Australian Systematic Botany Australian Systematic Botany Society
Taxonomy, biogeography and evolution of plants

Just Accepted

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Species limits and taxonomic revision of the bracteate-prostrate group of Southern Hemisphere forget-me-nots (Myosotis, Boraginaceae) including description of three new species endemic to New Zealand

Heidi Meudt , Jessica Prebble

Abstract

A taxonomic revision of Southern Hemisphere bracteate-prostrate forget-me-nots (Myosotis, Boraginaceae) is presented here. The group comprises mostly species endemic to New Zealand plus the South American M. antarctica (also Campbell Island) and M. albiflora. The statistical analyses of morphological data from herbarium specimens reported here support recognition of five main subgroups based on habit. Excluding the M. pygmaea species group (M. antarctica, M. brevis, M. drucei, M. glauca, and M. pygmaea), which is being treated elsewhere, fourteen species are recognised in the four remaining subgroups: 1) creeping species group: M. matthewsii, M. chaffeyorum, M. spatulata, M. tenericaulis, and M. albiflora; 2) cushion species group: M. uniflora, M. pulvinaris, and M. glabrescens; 3) M. cheesemanii+M. colensoi species group: M. cheesemanii and M. colensoi; and 4) M. lyallii species group: M. lyalli and new species M. retrorsa Meudt, Prebble & Hindmarsh-Walls. New species Myosotis umbrosa Meudt, Prebble & Thorsen and M. bryonoma Meudt, Prebble & Thorsen do not fit comfortably within these subgroups. Myosotis elderi is treated as M. lyallii subsp. elderi (L.B.Moore) Meudt & Prebble. For each of the fourteen species revised here, a key to species, descriptions, phenology, distributions, maps, illustrations, specimens examined and notes are provided. Some specimens examined do not fit within these species and require additional comparative studies, including with certain ebracteate-erect species, before taxonomic decisions can be made. Future research on these and other Southern Hemisphere Myosotis should incorporate the morphological data presented here with additional genetic, cytological, pollen, and other data in an integrative systematic framework.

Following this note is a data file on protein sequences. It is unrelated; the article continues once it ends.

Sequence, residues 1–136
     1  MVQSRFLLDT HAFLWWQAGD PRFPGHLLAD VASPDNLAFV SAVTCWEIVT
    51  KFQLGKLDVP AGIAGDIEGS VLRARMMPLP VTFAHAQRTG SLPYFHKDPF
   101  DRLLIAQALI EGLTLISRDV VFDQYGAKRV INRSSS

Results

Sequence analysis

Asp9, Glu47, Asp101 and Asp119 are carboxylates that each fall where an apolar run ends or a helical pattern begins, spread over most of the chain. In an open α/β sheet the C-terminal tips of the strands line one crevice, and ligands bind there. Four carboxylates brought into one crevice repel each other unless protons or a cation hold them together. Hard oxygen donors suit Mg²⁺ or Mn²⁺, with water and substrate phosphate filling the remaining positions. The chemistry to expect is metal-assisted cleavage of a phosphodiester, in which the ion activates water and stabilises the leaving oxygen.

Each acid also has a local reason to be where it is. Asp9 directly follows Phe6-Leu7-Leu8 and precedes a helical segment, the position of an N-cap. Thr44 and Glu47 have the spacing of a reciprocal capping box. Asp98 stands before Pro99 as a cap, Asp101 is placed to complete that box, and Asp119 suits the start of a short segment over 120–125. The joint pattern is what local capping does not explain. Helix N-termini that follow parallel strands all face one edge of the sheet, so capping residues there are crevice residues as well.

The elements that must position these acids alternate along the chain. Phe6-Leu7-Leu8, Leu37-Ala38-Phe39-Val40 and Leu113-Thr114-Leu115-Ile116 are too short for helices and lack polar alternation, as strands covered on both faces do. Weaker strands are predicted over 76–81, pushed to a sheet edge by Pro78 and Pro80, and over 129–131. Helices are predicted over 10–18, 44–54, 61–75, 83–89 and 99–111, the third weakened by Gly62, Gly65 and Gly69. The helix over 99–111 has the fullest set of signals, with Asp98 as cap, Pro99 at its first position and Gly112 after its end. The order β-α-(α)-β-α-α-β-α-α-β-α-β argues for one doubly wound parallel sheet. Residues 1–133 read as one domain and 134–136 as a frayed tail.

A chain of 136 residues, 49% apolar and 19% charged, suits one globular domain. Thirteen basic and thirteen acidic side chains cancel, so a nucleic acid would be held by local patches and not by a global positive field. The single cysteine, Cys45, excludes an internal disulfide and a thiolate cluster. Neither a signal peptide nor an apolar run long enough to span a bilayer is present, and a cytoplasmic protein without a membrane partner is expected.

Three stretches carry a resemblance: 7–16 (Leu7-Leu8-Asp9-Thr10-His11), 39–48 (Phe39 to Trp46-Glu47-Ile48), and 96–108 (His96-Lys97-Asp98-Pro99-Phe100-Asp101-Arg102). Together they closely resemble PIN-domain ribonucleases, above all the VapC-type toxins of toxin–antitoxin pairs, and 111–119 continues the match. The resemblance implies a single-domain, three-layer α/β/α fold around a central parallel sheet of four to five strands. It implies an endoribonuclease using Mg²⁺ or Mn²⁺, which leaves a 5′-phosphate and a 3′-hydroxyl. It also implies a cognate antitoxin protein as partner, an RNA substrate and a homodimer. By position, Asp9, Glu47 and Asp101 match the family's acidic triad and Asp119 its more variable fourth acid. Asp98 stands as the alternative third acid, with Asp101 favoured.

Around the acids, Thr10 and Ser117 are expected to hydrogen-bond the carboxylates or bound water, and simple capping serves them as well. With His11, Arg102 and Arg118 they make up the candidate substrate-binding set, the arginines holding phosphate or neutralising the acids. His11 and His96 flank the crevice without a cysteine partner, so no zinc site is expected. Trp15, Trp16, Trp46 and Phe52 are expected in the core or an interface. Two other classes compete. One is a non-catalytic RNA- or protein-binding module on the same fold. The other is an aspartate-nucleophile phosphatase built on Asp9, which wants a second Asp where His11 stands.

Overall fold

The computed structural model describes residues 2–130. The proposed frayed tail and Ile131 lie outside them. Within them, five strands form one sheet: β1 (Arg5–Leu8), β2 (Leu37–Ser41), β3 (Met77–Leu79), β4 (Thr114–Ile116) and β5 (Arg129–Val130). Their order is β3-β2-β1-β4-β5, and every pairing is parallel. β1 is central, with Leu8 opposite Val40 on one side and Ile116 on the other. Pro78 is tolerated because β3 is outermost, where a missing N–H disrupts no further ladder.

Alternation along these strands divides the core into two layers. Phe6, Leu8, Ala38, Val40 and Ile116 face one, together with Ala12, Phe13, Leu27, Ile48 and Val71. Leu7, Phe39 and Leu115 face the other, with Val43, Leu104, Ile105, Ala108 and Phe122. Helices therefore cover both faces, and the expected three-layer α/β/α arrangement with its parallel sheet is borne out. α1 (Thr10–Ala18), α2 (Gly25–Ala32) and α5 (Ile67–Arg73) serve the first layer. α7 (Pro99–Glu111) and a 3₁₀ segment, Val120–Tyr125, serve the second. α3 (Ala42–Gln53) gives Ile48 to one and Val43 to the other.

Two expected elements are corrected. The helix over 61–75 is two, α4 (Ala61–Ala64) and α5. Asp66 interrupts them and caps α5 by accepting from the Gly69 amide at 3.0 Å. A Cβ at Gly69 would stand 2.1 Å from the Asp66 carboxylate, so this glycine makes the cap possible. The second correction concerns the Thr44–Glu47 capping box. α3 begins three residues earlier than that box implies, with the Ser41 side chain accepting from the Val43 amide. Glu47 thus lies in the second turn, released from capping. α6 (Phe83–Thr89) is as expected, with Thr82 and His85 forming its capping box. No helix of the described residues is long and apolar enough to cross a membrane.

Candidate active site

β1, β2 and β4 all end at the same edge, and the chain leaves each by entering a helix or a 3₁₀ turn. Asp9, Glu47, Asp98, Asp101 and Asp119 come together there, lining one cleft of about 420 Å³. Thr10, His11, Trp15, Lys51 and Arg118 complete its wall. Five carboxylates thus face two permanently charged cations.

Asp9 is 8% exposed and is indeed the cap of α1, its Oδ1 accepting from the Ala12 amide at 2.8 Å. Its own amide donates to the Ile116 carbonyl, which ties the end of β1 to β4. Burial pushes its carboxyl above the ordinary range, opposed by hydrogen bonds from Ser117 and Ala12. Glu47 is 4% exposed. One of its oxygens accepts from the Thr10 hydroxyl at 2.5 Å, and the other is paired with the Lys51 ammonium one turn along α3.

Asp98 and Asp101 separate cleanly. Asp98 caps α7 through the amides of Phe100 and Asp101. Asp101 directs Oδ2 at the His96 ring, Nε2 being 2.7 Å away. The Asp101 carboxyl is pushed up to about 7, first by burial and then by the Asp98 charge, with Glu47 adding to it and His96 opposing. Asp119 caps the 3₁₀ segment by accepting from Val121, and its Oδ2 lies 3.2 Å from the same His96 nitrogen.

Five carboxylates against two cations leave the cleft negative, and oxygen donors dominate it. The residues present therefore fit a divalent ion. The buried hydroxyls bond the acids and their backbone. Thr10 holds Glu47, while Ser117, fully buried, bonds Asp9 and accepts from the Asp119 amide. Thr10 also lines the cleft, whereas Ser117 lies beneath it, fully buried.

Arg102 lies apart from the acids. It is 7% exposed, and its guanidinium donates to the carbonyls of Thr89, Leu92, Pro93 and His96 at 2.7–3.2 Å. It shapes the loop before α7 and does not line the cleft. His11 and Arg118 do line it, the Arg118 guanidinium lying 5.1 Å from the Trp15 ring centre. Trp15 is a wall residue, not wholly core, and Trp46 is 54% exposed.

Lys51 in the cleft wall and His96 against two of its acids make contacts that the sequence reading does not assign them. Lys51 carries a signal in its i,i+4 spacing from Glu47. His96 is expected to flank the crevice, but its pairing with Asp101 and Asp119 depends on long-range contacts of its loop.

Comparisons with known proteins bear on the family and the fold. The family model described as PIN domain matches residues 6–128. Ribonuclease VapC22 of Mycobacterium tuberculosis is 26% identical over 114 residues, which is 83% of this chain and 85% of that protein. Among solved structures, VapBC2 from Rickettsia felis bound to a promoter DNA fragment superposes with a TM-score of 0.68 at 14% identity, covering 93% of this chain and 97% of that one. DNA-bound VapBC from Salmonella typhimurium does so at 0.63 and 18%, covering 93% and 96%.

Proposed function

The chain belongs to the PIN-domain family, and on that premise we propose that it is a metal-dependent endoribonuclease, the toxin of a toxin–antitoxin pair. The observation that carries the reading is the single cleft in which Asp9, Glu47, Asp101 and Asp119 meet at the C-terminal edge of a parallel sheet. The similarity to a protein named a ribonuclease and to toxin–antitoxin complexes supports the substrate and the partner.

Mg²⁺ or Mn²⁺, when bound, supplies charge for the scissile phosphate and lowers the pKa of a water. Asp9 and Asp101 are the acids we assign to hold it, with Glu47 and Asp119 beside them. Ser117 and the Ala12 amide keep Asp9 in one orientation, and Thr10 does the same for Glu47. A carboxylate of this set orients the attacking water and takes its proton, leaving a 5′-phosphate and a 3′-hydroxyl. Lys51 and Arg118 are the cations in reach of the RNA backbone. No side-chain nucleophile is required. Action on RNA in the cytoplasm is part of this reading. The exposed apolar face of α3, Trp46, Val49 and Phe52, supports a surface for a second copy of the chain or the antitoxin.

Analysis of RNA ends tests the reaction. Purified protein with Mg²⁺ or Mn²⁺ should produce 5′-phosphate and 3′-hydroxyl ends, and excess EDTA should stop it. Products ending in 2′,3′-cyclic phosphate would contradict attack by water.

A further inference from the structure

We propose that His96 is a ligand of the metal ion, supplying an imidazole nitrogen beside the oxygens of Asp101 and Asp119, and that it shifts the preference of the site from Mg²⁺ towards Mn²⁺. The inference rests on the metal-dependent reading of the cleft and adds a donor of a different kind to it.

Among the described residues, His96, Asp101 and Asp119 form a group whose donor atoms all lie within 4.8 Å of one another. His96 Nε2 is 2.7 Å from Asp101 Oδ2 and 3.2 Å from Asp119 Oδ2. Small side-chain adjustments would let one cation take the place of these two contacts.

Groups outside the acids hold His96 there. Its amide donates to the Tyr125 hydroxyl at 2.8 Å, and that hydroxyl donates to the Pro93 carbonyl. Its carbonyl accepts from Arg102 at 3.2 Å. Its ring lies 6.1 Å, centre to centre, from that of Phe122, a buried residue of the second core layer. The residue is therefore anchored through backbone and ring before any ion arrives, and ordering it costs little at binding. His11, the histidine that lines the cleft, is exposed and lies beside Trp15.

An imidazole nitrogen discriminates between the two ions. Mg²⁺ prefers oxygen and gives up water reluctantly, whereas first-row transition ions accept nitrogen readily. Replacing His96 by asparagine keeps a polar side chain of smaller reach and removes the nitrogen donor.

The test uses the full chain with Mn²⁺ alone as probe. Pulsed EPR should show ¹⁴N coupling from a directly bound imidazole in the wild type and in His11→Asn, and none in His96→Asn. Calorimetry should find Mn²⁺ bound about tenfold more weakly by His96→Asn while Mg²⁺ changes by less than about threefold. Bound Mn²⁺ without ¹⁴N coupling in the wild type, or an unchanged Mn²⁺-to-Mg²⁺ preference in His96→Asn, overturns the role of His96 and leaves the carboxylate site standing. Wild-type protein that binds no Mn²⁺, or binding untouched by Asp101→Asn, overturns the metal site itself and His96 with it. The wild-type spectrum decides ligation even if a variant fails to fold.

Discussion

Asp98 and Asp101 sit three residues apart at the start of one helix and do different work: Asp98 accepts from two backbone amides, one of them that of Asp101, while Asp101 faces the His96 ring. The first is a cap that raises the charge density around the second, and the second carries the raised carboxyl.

SB17045  Accepted 23 November 2017

© CSIRO 2017